Marco Sullivan ties for third in national super-G |

Marco Sullivan ties for third in national super-G

USSA reports

LAKE PLACID, N.Y. — Versatile Bode Miller of Franconia, N.H., skiing No. 1, ignored steady rain and tricky visibility Thursday to win the men’s super G — his fourth U.S. title in his fourth different event — at the Chevy Truck U.S. Alpine Championships at Whiteface Mountain.

ESPN will televise coverage from the championships at April 4.

Marco Sullivan of Squaw Valley tied for third.

Miller, who won three medals at the World Championships last month in Switzerland to go with his two Olympic silvers from a year ago, previously had won slalom, GS and combined titles. He won the super-G in 1 minute, 18.99 seconds with Jake Fiala of Frisco, Colo., taking the silver medal in 1:19.30.

There was a tie for the bronze medal at 1:19.50 between two other U.S. Ski Team racers — Scott Macartney of Redmond, Wash., who also was bronze medalist Wednesday in downhill and Sullivan, the defending SG champion.

The poor weather, which delayed the start of the men’s SG by two hours, forced organizers to postpone the women’s super G to Friday.

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“The weather and the visibility, I didn’t think, was that bad but it was just a tough course. The snow was pretty fast,” said Miller, who was fourth in the DH a day earlier. “It was a tactically challenging course…

“It was really tough. The snow was kinda peely because it was wet on the top and you had a lot of speed and the turns were big, so if you got behind it, there was no way to catch-up.”

Fiala said he cost himself some time by wiping rain off his goggles during the race, “but Bode’s had a great year to be second to him, just .3 back, is good. I’m pleased with that.”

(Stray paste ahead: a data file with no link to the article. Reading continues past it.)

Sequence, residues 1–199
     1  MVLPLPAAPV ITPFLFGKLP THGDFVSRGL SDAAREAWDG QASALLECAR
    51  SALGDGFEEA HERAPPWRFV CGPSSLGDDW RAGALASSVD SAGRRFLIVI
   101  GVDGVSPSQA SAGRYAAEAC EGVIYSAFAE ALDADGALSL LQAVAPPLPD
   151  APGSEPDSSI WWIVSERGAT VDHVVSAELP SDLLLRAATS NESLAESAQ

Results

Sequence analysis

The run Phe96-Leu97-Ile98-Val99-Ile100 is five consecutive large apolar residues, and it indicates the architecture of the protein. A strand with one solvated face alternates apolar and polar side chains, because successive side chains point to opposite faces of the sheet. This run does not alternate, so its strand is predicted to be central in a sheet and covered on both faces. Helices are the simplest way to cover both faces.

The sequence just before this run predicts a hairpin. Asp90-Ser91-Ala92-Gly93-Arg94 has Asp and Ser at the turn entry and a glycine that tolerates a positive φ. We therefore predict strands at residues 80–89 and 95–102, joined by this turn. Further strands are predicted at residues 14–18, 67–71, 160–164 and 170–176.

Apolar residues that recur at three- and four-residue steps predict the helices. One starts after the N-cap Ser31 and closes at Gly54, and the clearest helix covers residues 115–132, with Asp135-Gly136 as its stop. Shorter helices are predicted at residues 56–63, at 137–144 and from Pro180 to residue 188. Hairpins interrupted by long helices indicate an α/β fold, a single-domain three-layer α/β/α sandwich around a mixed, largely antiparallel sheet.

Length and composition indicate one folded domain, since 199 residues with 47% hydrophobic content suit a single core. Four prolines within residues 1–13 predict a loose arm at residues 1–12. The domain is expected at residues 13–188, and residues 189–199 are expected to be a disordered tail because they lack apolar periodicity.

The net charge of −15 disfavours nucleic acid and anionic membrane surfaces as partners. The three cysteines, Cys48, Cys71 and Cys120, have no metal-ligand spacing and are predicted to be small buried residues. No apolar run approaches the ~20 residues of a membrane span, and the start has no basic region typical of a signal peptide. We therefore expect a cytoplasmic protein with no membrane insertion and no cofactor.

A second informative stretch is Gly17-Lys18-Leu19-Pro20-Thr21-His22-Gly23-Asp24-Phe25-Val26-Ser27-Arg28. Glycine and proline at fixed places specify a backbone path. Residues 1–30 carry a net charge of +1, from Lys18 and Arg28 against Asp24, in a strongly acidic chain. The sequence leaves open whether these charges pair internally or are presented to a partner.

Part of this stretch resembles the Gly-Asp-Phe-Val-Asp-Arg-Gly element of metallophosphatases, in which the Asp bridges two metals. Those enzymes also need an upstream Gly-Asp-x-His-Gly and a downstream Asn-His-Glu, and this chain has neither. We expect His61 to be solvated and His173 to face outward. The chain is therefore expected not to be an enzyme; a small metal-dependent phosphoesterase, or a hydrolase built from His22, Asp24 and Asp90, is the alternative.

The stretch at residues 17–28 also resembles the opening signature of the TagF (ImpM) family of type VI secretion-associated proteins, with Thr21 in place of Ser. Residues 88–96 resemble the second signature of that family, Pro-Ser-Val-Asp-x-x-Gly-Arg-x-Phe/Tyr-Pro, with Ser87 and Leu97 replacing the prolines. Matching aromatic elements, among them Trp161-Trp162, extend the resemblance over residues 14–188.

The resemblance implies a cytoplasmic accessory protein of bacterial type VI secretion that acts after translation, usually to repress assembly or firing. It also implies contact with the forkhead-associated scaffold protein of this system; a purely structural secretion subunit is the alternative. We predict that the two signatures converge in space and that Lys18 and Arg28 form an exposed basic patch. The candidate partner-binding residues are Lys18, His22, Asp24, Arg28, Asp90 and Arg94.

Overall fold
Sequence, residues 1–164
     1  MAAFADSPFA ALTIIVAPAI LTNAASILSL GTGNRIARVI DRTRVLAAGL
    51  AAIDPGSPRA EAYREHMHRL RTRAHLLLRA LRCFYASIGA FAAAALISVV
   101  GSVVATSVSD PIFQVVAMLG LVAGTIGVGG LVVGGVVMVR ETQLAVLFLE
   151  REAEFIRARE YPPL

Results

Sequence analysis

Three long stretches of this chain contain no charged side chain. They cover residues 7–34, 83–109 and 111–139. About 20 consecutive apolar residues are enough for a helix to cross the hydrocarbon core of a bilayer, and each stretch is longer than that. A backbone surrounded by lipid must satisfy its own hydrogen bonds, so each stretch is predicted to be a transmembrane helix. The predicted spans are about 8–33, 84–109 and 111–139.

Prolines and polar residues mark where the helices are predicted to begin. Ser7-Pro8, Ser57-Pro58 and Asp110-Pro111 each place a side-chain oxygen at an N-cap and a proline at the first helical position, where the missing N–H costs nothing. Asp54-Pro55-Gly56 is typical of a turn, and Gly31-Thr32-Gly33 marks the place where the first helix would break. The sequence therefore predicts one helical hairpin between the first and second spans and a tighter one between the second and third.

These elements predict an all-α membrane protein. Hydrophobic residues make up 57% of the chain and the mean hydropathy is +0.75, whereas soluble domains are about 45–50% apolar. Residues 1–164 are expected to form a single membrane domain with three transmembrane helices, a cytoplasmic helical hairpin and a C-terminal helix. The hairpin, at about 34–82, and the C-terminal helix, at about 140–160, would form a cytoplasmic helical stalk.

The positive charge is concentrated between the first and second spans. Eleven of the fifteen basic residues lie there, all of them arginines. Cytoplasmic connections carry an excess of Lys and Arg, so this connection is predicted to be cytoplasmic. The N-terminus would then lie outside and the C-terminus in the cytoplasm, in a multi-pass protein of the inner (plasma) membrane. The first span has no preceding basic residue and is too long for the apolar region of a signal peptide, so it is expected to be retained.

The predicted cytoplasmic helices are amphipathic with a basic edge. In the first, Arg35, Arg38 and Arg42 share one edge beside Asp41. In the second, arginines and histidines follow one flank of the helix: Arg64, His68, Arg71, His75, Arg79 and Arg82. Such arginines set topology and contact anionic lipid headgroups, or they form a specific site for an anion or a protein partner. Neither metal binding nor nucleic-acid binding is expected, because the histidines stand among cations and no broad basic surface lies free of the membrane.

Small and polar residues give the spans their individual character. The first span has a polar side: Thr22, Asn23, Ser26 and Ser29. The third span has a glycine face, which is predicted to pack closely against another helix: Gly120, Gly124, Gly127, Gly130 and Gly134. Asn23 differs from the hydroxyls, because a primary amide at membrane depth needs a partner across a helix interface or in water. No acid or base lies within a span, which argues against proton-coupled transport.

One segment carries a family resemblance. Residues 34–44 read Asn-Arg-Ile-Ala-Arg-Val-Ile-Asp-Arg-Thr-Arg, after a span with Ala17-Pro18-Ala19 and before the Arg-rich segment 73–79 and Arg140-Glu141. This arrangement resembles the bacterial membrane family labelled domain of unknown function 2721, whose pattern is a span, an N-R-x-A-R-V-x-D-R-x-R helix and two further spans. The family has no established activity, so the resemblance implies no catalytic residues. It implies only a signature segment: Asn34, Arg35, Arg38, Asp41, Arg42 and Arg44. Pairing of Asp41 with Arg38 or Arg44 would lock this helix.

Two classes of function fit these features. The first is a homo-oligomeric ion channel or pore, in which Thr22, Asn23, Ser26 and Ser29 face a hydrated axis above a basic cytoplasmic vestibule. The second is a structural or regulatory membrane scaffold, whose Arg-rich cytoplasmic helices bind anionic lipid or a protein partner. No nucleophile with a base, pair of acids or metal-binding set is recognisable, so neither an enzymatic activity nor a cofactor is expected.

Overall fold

The weather created and hard, slick course “but that’s what we see on the World Cup. I’ve raced super G in Garmisch [Germany] in the rain and it’s what you have to be prepared for.”

Macartney, the Nor Am super G champion who returns to classes Tuesday at Dartmouth College where he’s a senior majoring in economics, said, “We were sitting in the lodge [at the start] looking out at sideways rain and thinking this just was not gonna happen. You always want to keep a positive attitude, like ‘This is gonna go’ because you don’t want to make the mistake of getting yourself out of the race sand saying it’s not going to happen and then, 10 minutes later, having to get ready. So, I think we were all optimistic it would happen but being realistic, too, with the weather.”

“It was a tough day. …It was raining pretty hard. It left up a little at the end but for the first 30, it was really raining.”

Macartney, who races with his left thumb in a modified cast because of an injury said the course crews from the New York Ski Education Foundation and the Olympic Regional Development Authority “was just busting their butts. They were working so hard. The course workers worked their asses off.”

“The best skiers had the best results,” said John McBride, U.S. men’s downhill/SG head coach, who set the course. Organizers, who had hoped to run from the top of the super G course, dropped the start for safety reasons before the race as poor weather moved into the northern Adirondacks.

“Conditions were tough, no question, but I’m not happy to see 24 finishers and 47 DNFs [Did Not Finish],” McBride added. “But maybe that’s also a wake-up for what some of these racers have to learn to handle…and how important it is to keep your focus…

“There weren’t a lot of surprises but I’ll tell you who caught my eye was Jesse Marshall [Pittsfield, VT], who was sixth. He’s skied outstanding slalom and some good GS, but he showed me some good things today,” the coach said.

The championships also double as the J1 national championships. Jeremy Transue (Hunter, NY), who was seventh in the field of 71, was top junior.

The women’s race was scheduled to begin Friday at 9:30 a.m. EST, weather permitting. About 250 skiers from Alaska to New England will be competing at the championships, which returned to Lake Placid for the first time since 1979.